The General Data Protection Regulation and its Violation of EU Treaties
While the EU General Data Protection Regulation, which entered force on 25 May, is generally good and necessary in its vigorous protection of the fundamental rights of self‑determination and identity of European people, the article identifies a core issue that has gone unnoticed: the GDPR violates EU treaties. It is, at base, a ‘European law’, yet European laws are banned under the TEU and TFEU.
The article examines the background for this conflict. The ambitious plan for ratification of 2003’s draft treaty establishing a constitution for Europe fell at the first hurdle in 2005. The draft Constitution envisaged a legislative innovation: the European law and European framework law, directly applicable in the Member States and superior to them. These legal instruments, envisaged as replacing EU regulations, could readily be cited as a major federalist pillar of the draft. Yet there would be no European laws – they were rejected with the draft constitution in the 2005 referenda, and the current treaties do not foresee any law-like European legislation.
The author outlines the GDPR’s nature as a European law thus: the regulation 1) potentially concerns all residents of Europe, albeit by adding to the rights of individuals and protecting their freedoms; 2) addresses virtually all legal entities and undertakings acting, physically or through a network, in the European judicial area; 3) addresses the Member States and the EU itself; 4) and has cross-border applicability and covers the whole EU. Furthermore, its reach extends to service providers outside the EU if their service targets EU data subjects. There are substantial impacts on subjects on whom obligations are substantial. Hence, the author concludes that the GDPR’s scope, depth, and impacts exceed all the limits that the EU treaties permit for regulations. Furthermore, the treaties do not even know the term ‘general regulation’.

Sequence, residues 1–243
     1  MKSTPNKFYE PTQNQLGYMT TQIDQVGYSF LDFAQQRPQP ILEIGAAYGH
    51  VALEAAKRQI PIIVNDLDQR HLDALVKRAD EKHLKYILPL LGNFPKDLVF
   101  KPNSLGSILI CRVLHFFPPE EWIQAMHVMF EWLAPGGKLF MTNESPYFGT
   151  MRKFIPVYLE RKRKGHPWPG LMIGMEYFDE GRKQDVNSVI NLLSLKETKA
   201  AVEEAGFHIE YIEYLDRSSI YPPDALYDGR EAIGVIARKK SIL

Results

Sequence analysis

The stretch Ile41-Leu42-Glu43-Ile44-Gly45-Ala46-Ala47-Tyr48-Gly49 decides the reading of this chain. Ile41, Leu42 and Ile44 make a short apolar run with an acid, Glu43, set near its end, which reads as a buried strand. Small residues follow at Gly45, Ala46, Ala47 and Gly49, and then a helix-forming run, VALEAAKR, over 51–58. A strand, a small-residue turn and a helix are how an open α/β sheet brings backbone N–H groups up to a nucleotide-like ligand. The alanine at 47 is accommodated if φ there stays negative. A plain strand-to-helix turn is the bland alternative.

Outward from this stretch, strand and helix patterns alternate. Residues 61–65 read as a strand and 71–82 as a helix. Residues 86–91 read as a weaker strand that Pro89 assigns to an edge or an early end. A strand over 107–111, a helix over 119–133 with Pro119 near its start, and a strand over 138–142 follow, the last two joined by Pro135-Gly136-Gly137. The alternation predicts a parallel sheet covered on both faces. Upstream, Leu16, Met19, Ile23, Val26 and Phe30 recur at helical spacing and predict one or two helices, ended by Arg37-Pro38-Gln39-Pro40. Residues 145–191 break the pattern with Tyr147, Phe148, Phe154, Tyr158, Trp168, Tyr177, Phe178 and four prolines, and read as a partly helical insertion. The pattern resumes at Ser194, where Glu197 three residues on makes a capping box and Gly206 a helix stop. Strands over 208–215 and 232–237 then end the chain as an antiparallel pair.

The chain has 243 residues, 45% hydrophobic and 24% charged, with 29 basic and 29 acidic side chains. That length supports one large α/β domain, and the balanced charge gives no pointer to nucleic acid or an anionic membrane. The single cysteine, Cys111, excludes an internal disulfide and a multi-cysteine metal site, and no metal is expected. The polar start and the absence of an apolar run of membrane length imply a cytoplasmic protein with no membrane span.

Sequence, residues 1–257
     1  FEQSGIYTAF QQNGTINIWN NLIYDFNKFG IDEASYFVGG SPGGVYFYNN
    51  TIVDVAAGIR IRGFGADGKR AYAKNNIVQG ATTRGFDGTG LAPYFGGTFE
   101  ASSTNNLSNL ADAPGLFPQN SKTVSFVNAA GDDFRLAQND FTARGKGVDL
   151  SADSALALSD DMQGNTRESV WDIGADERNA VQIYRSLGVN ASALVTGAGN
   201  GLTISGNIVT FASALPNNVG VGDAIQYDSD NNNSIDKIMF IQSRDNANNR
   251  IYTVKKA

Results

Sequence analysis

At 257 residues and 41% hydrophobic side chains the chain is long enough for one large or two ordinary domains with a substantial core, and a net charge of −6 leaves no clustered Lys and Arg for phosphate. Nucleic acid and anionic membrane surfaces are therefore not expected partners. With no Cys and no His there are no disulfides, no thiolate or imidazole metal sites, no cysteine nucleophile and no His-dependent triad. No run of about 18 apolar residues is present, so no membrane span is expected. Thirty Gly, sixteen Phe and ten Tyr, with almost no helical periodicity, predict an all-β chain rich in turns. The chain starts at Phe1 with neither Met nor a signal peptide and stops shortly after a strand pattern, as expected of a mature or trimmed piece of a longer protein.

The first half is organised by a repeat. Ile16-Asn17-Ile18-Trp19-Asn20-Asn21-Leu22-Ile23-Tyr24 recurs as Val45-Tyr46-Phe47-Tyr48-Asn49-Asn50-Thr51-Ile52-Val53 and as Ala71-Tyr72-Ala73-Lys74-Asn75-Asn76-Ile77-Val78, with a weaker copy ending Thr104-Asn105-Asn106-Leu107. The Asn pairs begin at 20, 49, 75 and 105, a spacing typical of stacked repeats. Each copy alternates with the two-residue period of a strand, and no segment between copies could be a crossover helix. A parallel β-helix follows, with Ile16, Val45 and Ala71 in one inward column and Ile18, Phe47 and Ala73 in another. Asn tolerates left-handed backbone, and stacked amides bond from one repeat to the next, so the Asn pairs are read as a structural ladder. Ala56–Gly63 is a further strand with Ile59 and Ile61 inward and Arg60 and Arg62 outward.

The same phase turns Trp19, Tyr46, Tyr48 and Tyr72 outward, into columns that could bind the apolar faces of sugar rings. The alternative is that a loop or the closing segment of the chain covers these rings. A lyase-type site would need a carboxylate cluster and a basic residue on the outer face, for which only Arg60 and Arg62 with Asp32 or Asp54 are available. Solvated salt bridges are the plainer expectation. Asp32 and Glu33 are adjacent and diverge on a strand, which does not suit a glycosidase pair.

Since the GDPR possesses the characteristics of a ‘European law’ – and even is ‘seamlessly’ positioned in a place reserved by the draft EU Constitution for the ‘European law on data protection’ – while such laws have been rejected, a key issue is highlighted: how deep an EU-level political integration and relinquishment of the individual European nations’ sovereignty do the Member States actually want? For instance, most analyses of the causes of Brexit cite loss of sovereignty of the UK as one of the main factors in the decision. The author concludes that, since the GDPR is with us to stay, amendment of the EU treaties can no longer be avoided. Noble objectives cannot justify infringements of the present ‘European Constitution’ and the constitutions of the Member States.